Kramon Develops Personalities for His Characters
November 2013 — An Exclusive Authorlink Interview with Justin Kramon
Columnist Doreen Akiyo Yomoah
| The Preservationist|
by Justin Kramon
Buy this Book
|“It’s like being in AA or something–you don’t think of yourself as “a writer,” . . . “|
AUTHORLINK: When did the writing bug get you?
KRAMON: I’ve been writing for a while, I went to an MFA program in Iowa after college. I’ve been writing seriously since I graduated from the programme in 2004. I published my first book in 2010. It’s like being in AA or something-you don’t think of yourself as “a writer,” it’s more like, “I think I can get up and write tomorrow.” I don’t know if there’s a point where you become a writer.
AUTHORLINK: What was your inspiration for The Preservationist?
KRAMON: It was reading a lot of classic thrillers. I spent a year where I really immersed myself in the genre reading a lot of thrillers and crime novels, like [Patricia Highsmith’s] The Talented Mr. Ripley, and John Dowd’s The Collector. I was really interested in the psychological aspects of thriller and crime; that type of writing is really interesting to me.
AUTHORLINK: How do you write from the point of view of both an 18-year old girl and a 40-year old man when you are neither of those things?
KRAMON: You know, internally I’m more like them than I am on the surface. That’s the thing about writing fiction. Everything comes from you. To me, your experience is like your backyard. Everything you’ve experienced is in that space. Fiction is like jumping over the fence into someone else’s yard. It makes it easier when the person has something in common with you; it’s like their yard is adjacent to yours. It’s actually a lot harder to write about someone who’s exactly like me because then I have to think about what to include and what to exclude. You want to tell everyone everything, and it’s too much.
|“I spent a lot of time reading stories that focus on or orbit around violence . . .”|
AUTHORLINK: So you like creating characters that are to an extent quite different from yourself, even though they share some traits with you. How did you research these characters to make them fully formed human beings?
KRAMON: I spent a lot of time reading stories that focus on or orbit around violence in some way, although that’s not only thing going on. That’s one thing that drives the story. When I’m writing a character I’m never trying to capture a “type of person.” If I’m writing a female character, she’s not necessarily a character that’s intended to speak for women. I have another character who works in different cafeterias across the country but I’m not speaking for all cafeteria workers.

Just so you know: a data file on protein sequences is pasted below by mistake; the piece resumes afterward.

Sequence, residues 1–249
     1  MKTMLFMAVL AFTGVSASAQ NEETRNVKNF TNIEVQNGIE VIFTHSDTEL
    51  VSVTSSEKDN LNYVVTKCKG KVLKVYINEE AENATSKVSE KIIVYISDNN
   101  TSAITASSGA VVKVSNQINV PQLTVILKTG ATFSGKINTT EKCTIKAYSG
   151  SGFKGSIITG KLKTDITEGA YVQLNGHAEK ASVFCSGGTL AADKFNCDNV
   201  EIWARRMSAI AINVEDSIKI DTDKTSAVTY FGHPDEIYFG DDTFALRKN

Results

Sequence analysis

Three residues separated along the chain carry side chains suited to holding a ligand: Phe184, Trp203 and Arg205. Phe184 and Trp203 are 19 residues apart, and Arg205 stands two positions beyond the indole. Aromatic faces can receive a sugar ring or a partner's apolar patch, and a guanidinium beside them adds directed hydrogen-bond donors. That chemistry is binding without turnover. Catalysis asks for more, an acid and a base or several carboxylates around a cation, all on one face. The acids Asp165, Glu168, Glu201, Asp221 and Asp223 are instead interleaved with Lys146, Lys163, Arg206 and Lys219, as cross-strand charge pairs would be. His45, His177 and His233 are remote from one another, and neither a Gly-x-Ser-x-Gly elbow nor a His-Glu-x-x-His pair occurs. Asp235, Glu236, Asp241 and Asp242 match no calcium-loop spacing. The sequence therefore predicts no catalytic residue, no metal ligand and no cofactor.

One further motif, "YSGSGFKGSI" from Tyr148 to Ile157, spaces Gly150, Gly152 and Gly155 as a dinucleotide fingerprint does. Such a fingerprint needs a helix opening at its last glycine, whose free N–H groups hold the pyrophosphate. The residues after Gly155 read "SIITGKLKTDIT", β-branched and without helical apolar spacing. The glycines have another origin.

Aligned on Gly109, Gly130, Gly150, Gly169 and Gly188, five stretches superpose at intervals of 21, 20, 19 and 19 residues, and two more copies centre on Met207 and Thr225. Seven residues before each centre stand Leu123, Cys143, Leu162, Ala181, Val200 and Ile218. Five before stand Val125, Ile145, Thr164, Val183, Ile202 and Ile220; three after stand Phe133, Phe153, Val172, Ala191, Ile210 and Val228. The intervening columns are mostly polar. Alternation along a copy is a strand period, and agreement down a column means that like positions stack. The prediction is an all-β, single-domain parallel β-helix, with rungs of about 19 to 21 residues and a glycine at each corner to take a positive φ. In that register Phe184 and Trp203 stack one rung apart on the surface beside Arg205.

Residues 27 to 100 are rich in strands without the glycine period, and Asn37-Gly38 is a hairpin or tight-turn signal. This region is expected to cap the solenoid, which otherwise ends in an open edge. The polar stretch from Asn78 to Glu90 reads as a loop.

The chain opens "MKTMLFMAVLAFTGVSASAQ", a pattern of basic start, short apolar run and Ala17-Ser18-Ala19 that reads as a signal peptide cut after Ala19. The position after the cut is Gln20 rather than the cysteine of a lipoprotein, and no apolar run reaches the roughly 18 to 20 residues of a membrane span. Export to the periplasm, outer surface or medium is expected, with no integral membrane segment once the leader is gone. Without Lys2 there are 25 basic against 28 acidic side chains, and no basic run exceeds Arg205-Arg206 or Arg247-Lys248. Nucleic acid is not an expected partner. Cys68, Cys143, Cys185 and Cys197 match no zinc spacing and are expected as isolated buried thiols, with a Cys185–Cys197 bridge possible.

The thing that makes it appealing to me from a literary standpoint is creating a personality. I write a lot before I write the novel: Character monologues, lists of things you might find in their house, songs they like, anything like that. When I have a character go to the refrigerator, for example, I know there will be 15 rows of protein shakes and nothing else, because I spent that time writing, even though it’s one line in the book. So much of writing is knowing that there are much greater things beneath the surface that the reader never finds out.
|“There’s no “supposed to” or not. Part of the equation in any book is the reader.”|
AUTHORLINK: I do not like the character Sam at all! Are we meant to be sympathetic to him?
KRAMON: That’s the interesting thing. There’s no “supposed to” or not. Part of the equation in any book is the reader. Someone might get the book online, while someone else picks it up in a Barnes & Noble. It’s a different book for each person, reflected through the prism of your own personality.
You take someone who is not generally likable, at least on the surface and, you’re presenting a world that is strange and unfamiliar, and you’re making that strangeness more familiar to the reader. I would never say that you are “supposed to or not,” but I would agree with the fact that most people would not find him a likable person.
AUTHORLINK: What other projects do you have coming up?
KRAMON: Well, I’m working on a new novel.
AUTHORLINK: What’s this new novel about?
KRAMON: It’s too early to commit to more than that. Sometimes authors say too much about a book at the beginning stages, and five years down the line when the book comes out you think “Is that the same book they were talking about before?”
|About Justin Kramon:|
Kramon is the author of the novel Finny (Random House, 2010). A graduate of the Iowa Writers’ Workshop, he has published stories in Glimmer Train, Story Quarterly, Boulevard, Fence, TriQuarterly, Alaska Quarterly Review, and others. He has received honors from the Michener-Copernicus Society of America, Best American Short Stories, the Hawthornden International Writers’ Fellowship, and the Bogliasco Foundation. He has taught undergraduate and graduate fiction writing courses at Gotham Writers’ Workshop, Haverford College, the University of Iowa, Arcadia University, and elsewhere. He lives in Philadelphia.
|About Doreen Akiyo Yomoah:|
Doreen Akiyo Yomoah is a nomadic freelance writer, currently living in London, England. www.doreenakiyoyomoah.co.uk
This post was written by Editorial Staff